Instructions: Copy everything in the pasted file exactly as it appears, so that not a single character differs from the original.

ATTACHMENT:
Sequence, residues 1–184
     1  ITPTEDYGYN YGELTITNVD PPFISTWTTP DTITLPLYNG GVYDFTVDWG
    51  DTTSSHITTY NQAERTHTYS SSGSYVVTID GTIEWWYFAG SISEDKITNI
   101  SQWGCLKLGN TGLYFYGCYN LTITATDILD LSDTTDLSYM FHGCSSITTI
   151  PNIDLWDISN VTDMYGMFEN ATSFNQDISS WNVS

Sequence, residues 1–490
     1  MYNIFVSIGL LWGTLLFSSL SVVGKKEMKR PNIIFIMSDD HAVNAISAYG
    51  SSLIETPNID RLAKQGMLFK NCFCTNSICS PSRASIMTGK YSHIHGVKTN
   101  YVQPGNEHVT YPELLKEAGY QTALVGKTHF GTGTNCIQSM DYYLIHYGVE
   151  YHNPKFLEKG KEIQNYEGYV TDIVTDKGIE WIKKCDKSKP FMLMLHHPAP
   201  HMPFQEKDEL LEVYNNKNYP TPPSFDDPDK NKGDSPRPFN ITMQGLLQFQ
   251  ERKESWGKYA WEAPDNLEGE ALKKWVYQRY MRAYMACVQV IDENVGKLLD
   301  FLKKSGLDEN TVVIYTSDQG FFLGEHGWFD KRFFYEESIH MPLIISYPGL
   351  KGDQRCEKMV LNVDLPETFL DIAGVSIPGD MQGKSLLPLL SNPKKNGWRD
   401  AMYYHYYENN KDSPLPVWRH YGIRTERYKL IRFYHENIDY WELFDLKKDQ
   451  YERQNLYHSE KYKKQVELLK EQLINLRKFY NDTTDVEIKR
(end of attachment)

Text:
Sequence, residues 1–184
     1  ITPTEDYGYN YGELTITNVD PPFISTWTTP DTITLPLYNG GVYDFTVDWG
    51  DTTSSHITTY NQAERTHTYS SSGSYVVTID GTIEWWYFAG SISEDKITNI
   101  SQWGCLKLGN TGLYFYGCYN LTITATDILD LSDTTDLSYM FHGCSSITTI
   151  PNIDLWDISN VTDMYGMFEN ATSFNQDISS WNVS

Sequence, residues 1–490
     1  MYNIFVSIGL LWGTLLFSSL SVVGKKEMKR PNIIFIMSDD HAVNAISAYG
    51  SSLIETPNID RLAKQGMLFK NCFCTNSICS PSRASIMTGK YSHIHGVKTN
   101  YVQPGNEHVT YPELLKEAGY QTALVGKTHF GTGTNCIQSM DYYLIHYGVE
   151  YHNPKFLEKG KEIQNYEGYV TDIVTDKGIE WIKKCDKSKP FMLMLHHPAP
   201  HMPFQEKDEL LEVYNNKNYP TPPSFDDPDK NKGDSPRPFN ITMQGLLQFQ
   251  ERKESWGKYA WEAPDNLEGE ALKKWVYQRY MRAYMACVQV IDENVGKLLD
   301  FLKKSGLDEN TVVIYTSDQG FFLGEHGWFD KRFFYEESIH MPLIISYPGL
   351  KGDQRCEKMV LNVDLPETFL DIAGVSIPGD MQGKSLLPLL SNPKKNGWRD
   401  AMYYHYYENN KDSPLPVWRH YGIRTERYKL IRFYHENIDY WELFDLKKDQ
   451  YERQNLYHSE KYKKQVELLK EQLINLRKFY NDTTDVEIKR